Caution: Don’t try to do this at home.
I second-guessed myself seeing flickering flames from a distance behind our workplace. As I pulled closer, it was Joshua Callaway, a newly hired co-worker practicing his art of Fire Poi. The Poi light illuminated the eight feet tall backdrop of snow pile. Perfect, I have always wanted to get some slow shutter stills of controlled flames in motion.
Ryan Monica, another co-worker, was already in cahoots with Joshua on the scene videoing with his DJI Osmo Action and Drone cameras.
Given the unintended opportunity and being put on the spot, I fumbled to grab my camera and juggled my memory on which camera setting to shoot Joshua in action.
Fire Poi is an art of fire spinning using wicks made from Kevlar (a flame-resistant synthetic fiber for manufacturing tires) or Technora (a chemical-resistant thread eight times stronger than steel)
Poi’s source of flame is from the wick dipped in fuel. They also called Knobs, typically in a set of two, then set on fire, and spun in numerous acrobatic and dramatic effects.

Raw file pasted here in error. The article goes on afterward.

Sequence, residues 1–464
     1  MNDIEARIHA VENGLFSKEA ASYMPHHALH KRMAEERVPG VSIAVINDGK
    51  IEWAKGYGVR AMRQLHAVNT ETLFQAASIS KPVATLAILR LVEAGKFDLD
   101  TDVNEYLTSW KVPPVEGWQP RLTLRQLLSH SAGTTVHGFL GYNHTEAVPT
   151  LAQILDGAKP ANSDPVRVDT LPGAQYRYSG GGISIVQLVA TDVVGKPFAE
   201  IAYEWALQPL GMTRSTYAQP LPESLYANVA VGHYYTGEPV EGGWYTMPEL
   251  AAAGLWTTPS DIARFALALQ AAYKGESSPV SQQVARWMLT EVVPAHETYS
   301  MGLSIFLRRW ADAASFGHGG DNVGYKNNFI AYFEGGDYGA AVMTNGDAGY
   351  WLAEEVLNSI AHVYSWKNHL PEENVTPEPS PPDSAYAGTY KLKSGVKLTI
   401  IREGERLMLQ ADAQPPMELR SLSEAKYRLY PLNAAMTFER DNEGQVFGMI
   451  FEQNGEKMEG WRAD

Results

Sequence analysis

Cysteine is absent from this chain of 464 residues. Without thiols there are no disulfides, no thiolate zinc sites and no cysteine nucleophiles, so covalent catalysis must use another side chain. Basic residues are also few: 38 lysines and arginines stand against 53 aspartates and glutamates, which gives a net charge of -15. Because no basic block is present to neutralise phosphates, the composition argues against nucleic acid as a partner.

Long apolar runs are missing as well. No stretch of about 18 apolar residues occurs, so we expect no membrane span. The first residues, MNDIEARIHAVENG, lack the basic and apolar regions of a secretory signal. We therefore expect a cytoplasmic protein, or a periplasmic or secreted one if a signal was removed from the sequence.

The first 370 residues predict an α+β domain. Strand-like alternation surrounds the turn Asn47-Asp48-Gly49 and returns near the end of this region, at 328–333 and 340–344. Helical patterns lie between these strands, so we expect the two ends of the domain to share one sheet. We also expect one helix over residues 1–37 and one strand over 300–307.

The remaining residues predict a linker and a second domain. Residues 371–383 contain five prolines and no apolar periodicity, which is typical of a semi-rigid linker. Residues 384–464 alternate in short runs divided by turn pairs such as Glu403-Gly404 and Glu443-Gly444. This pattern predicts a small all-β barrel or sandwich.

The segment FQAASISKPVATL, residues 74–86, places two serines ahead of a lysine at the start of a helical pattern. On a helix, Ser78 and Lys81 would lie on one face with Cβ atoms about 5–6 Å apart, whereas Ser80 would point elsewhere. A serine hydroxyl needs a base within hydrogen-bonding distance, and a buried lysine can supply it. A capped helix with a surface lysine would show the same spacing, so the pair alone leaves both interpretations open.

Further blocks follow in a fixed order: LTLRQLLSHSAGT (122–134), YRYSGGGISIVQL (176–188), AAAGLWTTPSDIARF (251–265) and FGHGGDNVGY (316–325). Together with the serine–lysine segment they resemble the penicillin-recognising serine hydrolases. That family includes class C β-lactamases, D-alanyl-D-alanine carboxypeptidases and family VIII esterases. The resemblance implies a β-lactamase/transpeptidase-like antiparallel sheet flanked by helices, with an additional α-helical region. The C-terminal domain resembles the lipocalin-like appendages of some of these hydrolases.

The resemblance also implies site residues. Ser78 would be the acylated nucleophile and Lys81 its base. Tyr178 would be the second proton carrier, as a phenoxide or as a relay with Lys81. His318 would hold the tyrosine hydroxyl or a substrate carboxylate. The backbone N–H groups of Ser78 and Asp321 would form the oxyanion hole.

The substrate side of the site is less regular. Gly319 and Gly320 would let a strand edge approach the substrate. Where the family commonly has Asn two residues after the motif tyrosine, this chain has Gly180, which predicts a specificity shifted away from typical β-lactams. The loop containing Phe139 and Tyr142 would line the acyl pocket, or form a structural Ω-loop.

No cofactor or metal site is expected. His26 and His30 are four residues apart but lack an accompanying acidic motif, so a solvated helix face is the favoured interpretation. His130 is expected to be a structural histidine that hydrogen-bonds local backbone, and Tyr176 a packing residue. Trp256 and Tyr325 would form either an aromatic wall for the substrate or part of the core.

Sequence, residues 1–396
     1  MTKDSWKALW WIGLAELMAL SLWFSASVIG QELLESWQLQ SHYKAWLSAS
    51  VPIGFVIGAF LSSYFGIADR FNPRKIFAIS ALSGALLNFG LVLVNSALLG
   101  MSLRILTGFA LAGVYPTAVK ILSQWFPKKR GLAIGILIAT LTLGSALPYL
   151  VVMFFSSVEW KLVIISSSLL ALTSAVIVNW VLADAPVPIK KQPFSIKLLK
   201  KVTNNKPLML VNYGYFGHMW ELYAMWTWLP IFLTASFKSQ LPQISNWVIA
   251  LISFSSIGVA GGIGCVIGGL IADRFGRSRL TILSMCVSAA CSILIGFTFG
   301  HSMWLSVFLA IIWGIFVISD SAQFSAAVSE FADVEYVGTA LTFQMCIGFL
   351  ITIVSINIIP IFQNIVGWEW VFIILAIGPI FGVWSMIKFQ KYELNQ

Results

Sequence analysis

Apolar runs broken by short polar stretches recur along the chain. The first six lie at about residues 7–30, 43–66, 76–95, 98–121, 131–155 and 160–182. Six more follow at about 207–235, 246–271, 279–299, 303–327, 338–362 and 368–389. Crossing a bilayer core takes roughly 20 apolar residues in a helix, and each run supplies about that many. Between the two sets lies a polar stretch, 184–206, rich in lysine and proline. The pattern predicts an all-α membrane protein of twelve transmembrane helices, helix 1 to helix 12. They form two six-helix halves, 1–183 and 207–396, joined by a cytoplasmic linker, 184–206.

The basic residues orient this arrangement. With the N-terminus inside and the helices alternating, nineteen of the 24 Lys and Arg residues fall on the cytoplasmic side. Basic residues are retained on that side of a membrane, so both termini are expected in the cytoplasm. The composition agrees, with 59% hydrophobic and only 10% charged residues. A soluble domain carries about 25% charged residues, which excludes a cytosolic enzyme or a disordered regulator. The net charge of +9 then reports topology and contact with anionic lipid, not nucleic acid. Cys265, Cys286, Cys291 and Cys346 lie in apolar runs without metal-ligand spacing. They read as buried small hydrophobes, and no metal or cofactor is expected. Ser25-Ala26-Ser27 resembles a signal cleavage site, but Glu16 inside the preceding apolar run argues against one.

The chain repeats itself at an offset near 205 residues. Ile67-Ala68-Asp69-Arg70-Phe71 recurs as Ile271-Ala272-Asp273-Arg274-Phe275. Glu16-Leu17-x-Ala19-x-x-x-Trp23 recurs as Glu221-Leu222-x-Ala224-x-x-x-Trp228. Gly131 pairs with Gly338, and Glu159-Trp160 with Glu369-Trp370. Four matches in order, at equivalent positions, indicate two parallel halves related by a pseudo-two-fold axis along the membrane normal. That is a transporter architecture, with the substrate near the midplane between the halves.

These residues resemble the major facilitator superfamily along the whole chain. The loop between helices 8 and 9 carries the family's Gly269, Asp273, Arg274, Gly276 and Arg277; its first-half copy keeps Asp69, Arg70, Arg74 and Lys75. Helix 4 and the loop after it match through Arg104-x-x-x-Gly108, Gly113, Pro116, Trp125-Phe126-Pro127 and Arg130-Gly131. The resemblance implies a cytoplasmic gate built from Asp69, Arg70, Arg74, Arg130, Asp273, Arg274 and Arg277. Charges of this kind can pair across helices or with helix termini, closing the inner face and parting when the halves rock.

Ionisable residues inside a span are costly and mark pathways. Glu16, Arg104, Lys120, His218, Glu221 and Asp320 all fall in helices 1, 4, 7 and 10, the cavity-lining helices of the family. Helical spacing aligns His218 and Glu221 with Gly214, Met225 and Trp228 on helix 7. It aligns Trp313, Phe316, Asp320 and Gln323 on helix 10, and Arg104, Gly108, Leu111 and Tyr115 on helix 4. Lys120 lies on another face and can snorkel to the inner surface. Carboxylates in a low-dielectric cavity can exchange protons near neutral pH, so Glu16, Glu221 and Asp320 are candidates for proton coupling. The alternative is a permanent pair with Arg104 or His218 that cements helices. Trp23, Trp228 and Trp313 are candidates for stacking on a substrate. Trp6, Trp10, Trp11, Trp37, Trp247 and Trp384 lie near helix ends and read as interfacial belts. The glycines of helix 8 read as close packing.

Tradition Poi originated from the Maori Culture choreographed as a group performance with vocals and music. In the 1950s Fire Poi made it to Hawaii as a tourist attraction entertainment.
Today fire spinning Poi has gained broad enthusiasm and adapted to various schools of dance and can be witnessed in festivals and juggling events around the world. Now, Poi has even made it right at our backyard.
Joshua Callaway picked up Fire POI five years ago after seeing friends hurling rhythmic motions of fire with their Poi set. He was captivated.
Fire Poi practitioners get passed on without any formal education. Most spinners pick up the art from friends, and while at it, they teach each other.
In a dark background, the fast movements of flame are mesmerizing. Spinning fast, Joshua goes into another dimension. Sort of trans-like. He dances as all limbs synchronized independently. The two chains with wick of fire balls get hurled swiftly in a rhythmic motion. Fire is no longer a fearful element.
“I am in meditation,” said Joshua later, describing his state of the mind while his POI is in motion. Joshua also quickly spoke of his amateur status and that he is learning the art and wants to improve.
Fast movement in low light! I realized the photos of fire on a slow shutter would be decent, but I also wanted to give some prominence to the artist in performance. Some shots need to focus on his expressions.
The aerial view always gives spectacular perspectives. And so it did. See Ryan’s an awe-inspiring action video below.
Video by Ryan Monica